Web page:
Let’s consider a simple example: imagine a first generation college student takes a calculus course alongside a student whose mother has a Mathematics PhD. Both students are smart and hard working. In the lecture course, both students listen to a long lecture, scribble down some notes, and then go off on their own to do homework. Midway through the assignment, while working individually, both students get confused on a tricky topic and cannot figure it out on their own. The continuing generation student picks up the phone, calls her PhD mother, gets a very clear explanation of the concept, and continues with the assignment. In contrast, the first generation student does not have anyone in her family to call for help when she gets stuck, and so after struggling to solve the problem on her own, she gives up on the remainder of the assignment.
Similar sorts of inequities are seen in everything from one’s access to resources like tutors and peer networks, to the differences in study skills acquired at a great prep school versus a bad high school. Lecture courses rely on learning to happen outside of the classroom, but outside of the classroom is not a level playing field.
So how does Active Learning mitigate these inequities?
Active learning puts the majority of the learning back inside the classroom. In the instance of our two example students, the active classroom would provide structured practice opportunities where both students could work problems, realize they need help, and then get assistance from their instructor or peers in the moment of their confusion. In addition, these models generally provide structure and resources to make out of class learning more effective, like mini-lecture videos that can be watched and re-watched if need be, or structured active reading questions that enhance a student’s understanding of an assigned text. So pedagogically sound in-class instruction and accessible, structured out-of-class learning combine to lessen the impacts of external factors on student performance. Active learning thus makes the playing field much more level, and generally more fertile for all students’ learning.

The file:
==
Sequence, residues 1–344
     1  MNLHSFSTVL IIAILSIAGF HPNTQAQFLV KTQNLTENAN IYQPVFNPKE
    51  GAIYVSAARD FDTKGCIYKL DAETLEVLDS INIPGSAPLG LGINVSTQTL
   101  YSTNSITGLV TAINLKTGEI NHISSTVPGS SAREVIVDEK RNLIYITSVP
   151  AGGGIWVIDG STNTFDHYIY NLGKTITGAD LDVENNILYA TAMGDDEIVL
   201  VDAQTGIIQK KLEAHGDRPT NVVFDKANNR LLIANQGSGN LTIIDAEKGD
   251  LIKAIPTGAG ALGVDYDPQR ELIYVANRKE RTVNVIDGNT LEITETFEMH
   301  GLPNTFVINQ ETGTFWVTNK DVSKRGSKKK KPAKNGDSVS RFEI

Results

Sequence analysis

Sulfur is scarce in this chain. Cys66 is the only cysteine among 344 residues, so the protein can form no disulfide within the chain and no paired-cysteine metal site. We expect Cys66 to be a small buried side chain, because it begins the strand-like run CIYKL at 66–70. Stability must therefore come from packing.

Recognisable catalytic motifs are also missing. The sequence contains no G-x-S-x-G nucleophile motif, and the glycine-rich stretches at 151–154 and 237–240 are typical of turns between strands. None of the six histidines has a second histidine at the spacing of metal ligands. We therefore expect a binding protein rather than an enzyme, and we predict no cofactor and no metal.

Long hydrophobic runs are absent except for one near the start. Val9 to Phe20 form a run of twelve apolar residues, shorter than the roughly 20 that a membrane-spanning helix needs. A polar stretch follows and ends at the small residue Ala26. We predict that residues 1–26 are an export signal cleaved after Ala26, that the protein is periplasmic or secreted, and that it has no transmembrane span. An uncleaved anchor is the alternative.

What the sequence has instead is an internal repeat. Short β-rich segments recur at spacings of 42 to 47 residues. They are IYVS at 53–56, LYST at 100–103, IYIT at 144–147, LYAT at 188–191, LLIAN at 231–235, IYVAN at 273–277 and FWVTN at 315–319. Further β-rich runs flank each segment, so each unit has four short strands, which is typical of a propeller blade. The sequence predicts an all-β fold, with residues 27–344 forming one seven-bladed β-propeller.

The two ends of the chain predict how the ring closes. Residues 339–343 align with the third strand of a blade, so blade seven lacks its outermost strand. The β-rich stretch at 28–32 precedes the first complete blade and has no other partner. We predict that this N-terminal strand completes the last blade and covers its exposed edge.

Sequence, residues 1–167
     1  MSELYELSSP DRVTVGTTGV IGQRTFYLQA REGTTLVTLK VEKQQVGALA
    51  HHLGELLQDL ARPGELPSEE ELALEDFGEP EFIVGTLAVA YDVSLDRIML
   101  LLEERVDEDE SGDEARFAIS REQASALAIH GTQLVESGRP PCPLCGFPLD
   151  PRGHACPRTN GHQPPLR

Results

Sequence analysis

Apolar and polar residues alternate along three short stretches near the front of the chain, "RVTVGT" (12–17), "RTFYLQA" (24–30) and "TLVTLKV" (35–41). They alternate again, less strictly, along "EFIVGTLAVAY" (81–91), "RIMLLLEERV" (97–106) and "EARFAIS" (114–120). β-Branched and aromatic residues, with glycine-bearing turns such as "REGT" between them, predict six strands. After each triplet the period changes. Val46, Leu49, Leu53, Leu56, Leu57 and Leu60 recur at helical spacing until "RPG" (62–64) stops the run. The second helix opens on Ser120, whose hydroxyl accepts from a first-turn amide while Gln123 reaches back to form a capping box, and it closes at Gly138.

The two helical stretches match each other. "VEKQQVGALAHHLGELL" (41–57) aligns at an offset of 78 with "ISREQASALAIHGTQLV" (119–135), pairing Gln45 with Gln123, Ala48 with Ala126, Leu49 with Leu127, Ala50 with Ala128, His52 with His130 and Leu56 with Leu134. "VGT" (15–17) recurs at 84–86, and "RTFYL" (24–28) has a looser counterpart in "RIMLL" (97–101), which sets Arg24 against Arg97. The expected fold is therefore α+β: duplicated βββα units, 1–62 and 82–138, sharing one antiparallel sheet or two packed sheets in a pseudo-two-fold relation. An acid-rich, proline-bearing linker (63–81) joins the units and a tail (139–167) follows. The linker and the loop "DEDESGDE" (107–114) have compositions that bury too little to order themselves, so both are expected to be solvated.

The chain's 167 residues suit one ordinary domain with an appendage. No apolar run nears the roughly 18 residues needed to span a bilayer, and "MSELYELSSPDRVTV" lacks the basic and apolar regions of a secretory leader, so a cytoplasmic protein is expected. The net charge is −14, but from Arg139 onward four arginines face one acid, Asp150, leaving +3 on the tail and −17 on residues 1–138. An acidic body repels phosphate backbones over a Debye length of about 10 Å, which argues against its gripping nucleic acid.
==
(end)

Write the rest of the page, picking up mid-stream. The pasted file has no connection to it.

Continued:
At ALU, rather than subjecting students to long, disengaging lectures and sending them off on their own to do homework, we use proven techniques to create meaningful, enduring, and impactful learning experiences. We call the overall framework the “ALU Learning Model” – an evidence-based and research-grounded learning process that weaves together a variety of high-structure, active learning practices.
To give a few examples: we use the flipped classroom approach in facilitated class sessions and strategically schedule office hours to occur when students need extra help so that we can provide all students with the help they need right when they need it. We embed peer-to-peer learning as a structured component of our learning model, and therein mitigate discrepancies caused by unequal social network effects while reinforcing all students’ learning. We scaffold self-work and provide modular, interactive “lecture” content that students can access whenever, wherever they want, and thus create opportunities for meaningful self-study even for students with underdeveloped study habits or a slower pace of learning.
Through and through, we are fully committed to enabling all students to maximize their academic potential no matter what their life is like outside of the classroom. The result is not only more “fair” than lecture courses; it is entirely more impactful… even transformational.